Trials for the vaccine in children have only just begun, so it’s generally not recommended for children under 16. It’s also known that children and young people are at a very low risk of COVID-19 generally.
It’s possible these recommendations may change once more adults have had the vaccination.
The COVID-19 vaccine can be given to pregnant women in cases where the benefits outweigh the risks – for example, if the risk of being exposed to COVID-19 is high or if the woman is at an increased risk of serious complications of COVID-19. The benefits and risks can be discussed with a healthcare professional before having the vaccine.
Women who are trying to get pregnant don’t need to avoid pregnancy after having the vaccination.
Your doctor or midwife will be able to give you more advice. These vaccines haven’t been tested during pregnancy and breastfeeding, but there is nothing to suggest that they are harmful during pregnancy or breastfeeding.
Guidelines recommend people do not have major surgery and vaccines within one week of each other. This is because both surgery and the vaccine can cause a fever.
Vaccines are usually given as an injection into the upper arm.
The Pfizer/BioNTech vaccine is given in two doses, between 3 and 12 weeks apart. The Oxford AstraZenenca vaccine is given in two doses, between 4 and 12 weeks apart.
Both of the available vaccines are thought to offer short-term protection after the first dose. The second dose is important for long-term protection from COVID-19.
The Oxford AstraZeneca vaccine prevented COVID-19 in about 7 in every 10 people, with no severe cases from 14 days after the first injection. The Pfizer/BioNTech vaccine prevented COVID-19 in more than 9 in every 10 patients (95%) and starts to work around 10 days after the first dose.
It’s possible for people who have already had COVID-19 to have the vaccine for it. It’s not known yet how long the antibodies made by your body in response to COVID-19 last, so a vaccine could offer more protection or boost any antibodies your body has already made.
The most frequent adverse reactions in trials were pain at the injection site, fatigue, headache, myalgia (muscle pains), chills, arthralgia (joint pains), and fever; these were each reported in more than 1 in 10 people.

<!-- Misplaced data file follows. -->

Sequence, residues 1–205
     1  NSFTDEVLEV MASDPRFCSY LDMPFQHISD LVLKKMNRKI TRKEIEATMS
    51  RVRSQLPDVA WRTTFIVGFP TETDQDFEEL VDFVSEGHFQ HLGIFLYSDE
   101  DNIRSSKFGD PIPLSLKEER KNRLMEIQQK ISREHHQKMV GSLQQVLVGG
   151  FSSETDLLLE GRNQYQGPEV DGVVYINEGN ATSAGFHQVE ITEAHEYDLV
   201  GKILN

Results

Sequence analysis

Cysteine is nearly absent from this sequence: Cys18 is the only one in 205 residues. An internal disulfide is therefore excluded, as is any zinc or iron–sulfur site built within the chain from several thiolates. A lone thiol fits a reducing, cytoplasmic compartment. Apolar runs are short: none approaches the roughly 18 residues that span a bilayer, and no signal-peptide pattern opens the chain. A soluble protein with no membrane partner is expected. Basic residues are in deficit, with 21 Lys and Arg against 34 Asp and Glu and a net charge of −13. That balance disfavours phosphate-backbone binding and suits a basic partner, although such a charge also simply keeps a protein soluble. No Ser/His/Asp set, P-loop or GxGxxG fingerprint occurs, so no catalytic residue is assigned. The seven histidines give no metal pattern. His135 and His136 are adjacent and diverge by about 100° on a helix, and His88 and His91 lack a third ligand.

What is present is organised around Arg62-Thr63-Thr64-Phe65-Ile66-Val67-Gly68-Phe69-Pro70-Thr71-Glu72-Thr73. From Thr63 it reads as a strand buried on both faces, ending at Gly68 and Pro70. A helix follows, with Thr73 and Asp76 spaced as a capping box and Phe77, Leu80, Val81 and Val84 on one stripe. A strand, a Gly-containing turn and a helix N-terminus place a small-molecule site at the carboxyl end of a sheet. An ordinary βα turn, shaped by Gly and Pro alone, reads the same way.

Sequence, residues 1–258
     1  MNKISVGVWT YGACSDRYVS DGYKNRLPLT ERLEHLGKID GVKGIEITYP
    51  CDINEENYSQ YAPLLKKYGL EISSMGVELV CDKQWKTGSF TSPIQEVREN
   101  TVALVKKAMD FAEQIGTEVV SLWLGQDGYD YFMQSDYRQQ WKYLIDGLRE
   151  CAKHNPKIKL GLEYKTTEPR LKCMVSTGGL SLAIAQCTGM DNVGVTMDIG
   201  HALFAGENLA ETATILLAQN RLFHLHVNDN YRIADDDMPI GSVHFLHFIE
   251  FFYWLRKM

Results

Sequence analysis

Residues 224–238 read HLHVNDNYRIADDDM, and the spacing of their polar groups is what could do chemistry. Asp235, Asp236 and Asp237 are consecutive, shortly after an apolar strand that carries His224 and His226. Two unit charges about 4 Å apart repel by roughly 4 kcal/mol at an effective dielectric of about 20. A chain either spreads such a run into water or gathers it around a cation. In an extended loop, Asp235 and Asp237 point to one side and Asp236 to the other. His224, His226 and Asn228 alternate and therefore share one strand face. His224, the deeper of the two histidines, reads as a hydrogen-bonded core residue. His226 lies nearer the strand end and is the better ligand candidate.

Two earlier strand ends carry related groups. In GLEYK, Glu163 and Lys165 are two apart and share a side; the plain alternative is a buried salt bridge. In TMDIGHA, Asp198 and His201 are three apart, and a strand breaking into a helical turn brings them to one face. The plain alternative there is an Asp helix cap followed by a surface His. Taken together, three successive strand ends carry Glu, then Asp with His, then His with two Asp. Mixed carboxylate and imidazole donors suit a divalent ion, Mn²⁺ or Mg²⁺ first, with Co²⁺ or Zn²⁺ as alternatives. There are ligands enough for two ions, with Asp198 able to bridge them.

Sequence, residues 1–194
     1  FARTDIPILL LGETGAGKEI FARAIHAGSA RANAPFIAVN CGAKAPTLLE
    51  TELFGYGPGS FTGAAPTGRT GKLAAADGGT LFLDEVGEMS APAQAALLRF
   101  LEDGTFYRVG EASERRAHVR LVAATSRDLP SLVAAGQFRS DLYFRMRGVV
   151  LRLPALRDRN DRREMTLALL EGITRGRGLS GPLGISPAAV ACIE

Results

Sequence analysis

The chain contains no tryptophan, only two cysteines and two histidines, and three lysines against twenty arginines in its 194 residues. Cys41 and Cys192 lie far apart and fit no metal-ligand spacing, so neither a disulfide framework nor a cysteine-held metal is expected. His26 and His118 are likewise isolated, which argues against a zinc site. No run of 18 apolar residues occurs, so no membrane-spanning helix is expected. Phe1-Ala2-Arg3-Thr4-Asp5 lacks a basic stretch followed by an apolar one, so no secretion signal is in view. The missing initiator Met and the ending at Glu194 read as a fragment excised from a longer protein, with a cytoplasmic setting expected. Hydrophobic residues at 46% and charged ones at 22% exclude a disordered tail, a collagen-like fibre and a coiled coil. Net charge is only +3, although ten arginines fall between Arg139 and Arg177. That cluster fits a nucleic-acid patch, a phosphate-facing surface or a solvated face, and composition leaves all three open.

The vaccination takes 2 weeks after the second dose to be fully effective. Patients are still advised to follow government advice regarding shielding/mask wearing/social distancing despite being fully vaccinated. Vaccination is not an alternative to these measures.
You are far more likely to be unwell from contracting COVID than from the possible mild and transient side effects of the vaccine.
This would depend on the DMARD medication that you are taking.
No, there is no evidence to support this.
Ideally there should be a 2 week gap after vaccination before receiving i.v. Rituximab or Abatacept. This doesn’t apply for other rheumatology treatments.
Please discuss this with your Rheumatology CNS/Consultant.
To ensure the safety of patients and staff during the pandemic, the number of patients attending out-patient clinics has had to be reduced. Only urgent patients are being seen at the moment. Clinic appointments are being held virtually, and from this consultation patients who require a face to face appointment will be seen in the hospital.
There is no evidence to support this.
First published: 24 March 2020
Last updated: 5 February 2021
What do we mean by 'extremely vulnerable'?
Extremely vulnerable refers to people in Wales who have one of a very specific list of pre-existing and long-term serious health conditions.
Based on what we know so far the impact of their pre-existing, long-term health condition on their immune system puts them at high risk of serious illness if they are exposed to coronavirus.
People in the extremely vulnerable group include:
The advice to those who are Clinically Extremely Vulnerable has changed.
You are advised that you should no longer attend work or school outside the home.
The Welsh Assembly Government have sent a letter to everyone on the Shielding Patient List confirming this advice.
We know long periods of isolation can be harmful for mental and physical health, therefore you can remain part of a support bubble, as long as you take care. You are encouraged to still go outside to exercise and attend medical appointments.
Everyone in Wales is currently subject to regulations in place at alert level 4 and therefore must stay at home as much as possible.
Please note the majority of this advice is available on the websites below.